in a constructive process was left without answer.
Seeking anti-symmetric wave functions in the form of determinants then led to the Hartree-Fock method,
which was still difficult to solve for many-electron atoms or molecules. As a remedy Kohn developed his density-functional theory
with approximate solutions in the form of a collective electron density, which gave the Nobel Prize in 1998.
Many-Minds Quantum Mechanics
Despite the relative success of density-functional theory, and because of its short-comings, we have found reasons to go back to the original Hartree method with a new requirement of accepting as physical solutions only solutions which can arise from constructive iterative computational processes mimicing a construction of an atom with electrons being added one by one and each electron seeking a balance with respect to all the others. It seems possible that in such a constructive process electrons automatically fill successive layers with 2, 8, 8,18,…electrons with each full layer acting as a potential wall preventing intrusion, even without any exclusion principle. Spherically symmetric states with possibly global minimum energy could be out of reach in such constructive processes, which could be seen as a form of instability of such states preventing physical realization. See the further discussion below.
In other words, it is possible that the exclusion principle is unnecessary, if constructability/stability is taken into account. If true this would have pleased Pauli, who was not at all happy with his principle. Like Planck in the case of black-body radiation
, Pauli introduced his principle in a moment of desperation under strong pressure to save a scientific field from collapse, because electrons with bosonic spherically symmetric states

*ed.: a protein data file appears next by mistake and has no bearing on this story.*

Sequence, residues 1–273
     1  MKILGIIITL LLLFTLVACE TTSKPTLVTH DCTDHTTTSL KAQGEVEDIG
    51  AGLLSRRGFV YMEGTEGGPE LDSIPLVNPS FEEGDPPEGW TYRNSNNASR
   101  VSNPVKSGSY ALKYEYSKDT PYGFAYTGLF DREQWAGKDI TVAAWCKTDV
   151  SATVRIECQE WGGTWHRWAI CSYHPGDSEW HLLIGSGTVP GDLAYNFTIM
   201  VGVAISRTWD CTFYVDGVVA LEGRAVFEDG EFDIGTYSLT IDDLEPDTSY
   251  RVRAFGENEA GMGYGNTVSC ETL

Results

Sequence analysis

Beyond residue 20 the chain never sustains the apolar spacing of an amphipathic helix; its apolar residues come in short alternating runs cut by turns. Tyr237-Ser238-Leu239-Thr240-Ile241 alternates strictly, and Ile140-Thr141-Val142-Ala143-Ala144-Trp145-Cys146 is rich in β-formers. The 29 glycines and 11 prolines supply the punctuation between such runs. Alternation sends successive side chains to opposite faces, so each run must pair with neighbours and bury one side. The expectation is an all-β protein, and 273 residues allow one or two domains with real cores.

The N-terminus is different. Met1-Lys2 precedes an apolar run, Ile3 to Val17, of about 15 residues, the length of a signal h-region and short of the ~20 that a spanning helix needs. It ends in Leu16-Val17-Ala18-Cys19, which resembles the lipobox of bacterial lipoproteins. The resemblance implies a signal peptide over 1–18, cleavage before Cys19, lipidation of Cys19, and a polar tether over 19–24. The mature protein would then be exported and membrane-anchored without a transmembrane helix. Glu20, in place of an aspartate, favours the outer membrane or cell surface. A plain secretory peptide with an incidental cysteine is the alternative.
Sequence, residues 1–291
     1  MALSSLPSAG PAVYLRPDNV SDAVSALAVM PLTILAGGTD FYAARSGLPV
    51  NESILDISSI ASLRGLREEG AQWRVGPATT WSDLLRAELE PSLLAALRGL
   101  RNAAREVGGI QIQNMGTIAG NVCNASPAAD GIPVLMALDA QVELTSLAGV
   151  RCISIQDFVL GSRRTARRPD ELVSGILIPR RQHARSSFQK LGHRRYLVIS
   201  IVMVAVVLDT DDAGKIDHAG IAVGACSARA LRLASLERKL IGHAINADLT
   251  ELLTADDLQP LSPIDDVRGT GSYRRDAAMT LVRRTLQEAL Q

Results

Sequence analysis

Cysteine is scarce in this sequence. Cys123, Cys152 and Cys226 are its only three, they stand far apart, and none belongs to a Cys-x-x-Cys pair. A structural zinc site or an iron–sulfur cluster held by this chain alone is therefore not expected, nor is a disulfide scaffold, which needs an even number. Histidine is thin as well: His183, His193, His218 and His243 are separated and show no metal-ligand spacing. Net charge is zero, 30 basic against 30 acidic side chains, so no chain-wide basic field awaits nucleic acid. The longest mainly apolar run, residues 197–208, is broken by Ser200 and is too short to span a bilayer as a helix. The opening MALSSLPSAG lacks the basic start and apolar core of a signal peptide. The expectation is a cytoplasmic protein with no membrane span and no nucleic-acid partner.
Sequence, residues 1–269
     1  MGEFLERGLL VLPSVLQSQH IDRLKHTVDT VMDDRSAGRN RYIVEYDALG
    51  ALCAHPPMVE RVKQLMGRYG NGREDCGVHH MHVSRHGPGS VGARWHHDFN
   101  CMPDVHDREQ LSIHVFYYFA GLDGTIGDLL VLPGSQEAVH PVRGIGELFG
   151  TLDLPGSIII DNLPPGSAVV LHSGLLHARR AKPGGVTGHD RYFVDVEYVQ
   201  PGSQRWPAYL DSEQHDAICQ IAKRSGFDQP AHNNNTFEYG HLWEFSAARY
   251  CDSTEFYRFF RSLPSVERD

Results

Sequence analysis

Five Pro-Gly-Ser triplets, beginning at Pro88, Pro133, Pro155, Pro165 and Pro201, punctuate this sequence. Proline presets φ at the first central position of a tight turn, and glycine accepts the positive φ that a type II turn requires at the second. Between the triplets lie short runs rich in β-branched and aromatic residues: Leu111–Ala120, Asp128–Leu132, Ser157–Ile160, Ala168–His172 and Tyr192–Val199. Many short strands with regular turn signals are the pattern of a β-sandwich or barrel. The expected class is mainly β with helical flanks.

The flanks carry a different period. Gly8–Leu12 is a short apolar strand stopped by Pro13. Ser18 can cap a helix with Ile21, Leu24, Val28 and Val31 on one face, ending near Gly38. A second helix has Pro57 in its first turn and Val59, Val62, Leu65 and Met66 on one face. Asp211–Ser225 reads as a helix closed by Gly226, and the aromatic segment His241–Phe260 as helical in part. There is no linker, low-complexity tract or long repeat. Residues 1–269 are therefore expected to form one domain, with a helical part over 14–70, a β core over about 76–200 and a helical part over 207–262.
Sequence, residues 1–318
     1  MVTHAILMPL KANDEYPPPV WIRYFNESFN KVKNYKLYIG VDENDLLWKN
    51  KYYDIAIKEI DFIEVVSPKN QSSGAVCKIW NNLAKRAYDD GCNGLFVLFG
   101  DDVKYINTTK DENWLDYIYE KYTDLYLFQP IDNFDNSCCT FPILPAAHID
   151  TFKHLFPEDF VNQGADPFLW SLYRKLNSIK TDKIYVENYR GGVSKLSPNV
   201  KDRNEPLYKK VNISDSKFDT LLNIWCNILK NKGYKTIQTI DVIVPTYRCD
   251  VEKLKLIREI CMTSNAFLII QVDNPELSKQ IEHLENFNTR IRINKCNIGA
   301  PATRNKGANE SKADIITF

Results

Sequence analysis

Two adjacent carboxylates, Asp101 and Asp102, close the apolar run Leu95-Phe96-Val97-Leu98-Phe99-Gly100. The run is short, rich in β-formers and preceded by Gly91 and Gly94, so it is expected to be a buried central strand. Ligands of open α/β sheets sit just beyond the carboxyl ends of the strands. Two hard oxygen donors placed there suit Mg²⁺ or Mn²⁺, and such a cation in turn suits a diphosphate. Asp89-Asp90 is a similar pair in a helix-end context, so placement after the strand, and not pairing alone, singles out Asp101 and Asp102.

had to be excluded, one way or the other..at any price…
Accepting the non-existence of the complete wave function makes it possible to replace a probabilistic Copenhagen interpretation of quantum mechanics by a deterministic computational interpretation. We
The central idea in both Many-Minds Quantum Mechanics and Many-Minds Relativity is to view a physical
system as consisting of many interacting individual particles/wave-functions/minds, which independently seek to establish balance with respect to the others, without any central control, like in a free market system.
We now present preliminary computational results.
Hartree’s Method for Helium
The helium atom has two electrons with ground state supposedly given by a symmetric 6-dimensional wave function being the product of two identical spherically symmetric 3-dimensional wavefunctions or orbitals. However, the corresponding energy is larger than what is observed, which effectively means that the physical ground state is neither symmetric nor antisymmetric. Computing the ground state using Many-Minds gives a hybrid orbital, which can be viewed as a combination of symmetric and antisymmetric orbitals as illustrated in the following figure with the two electrons occupying two hemispheres: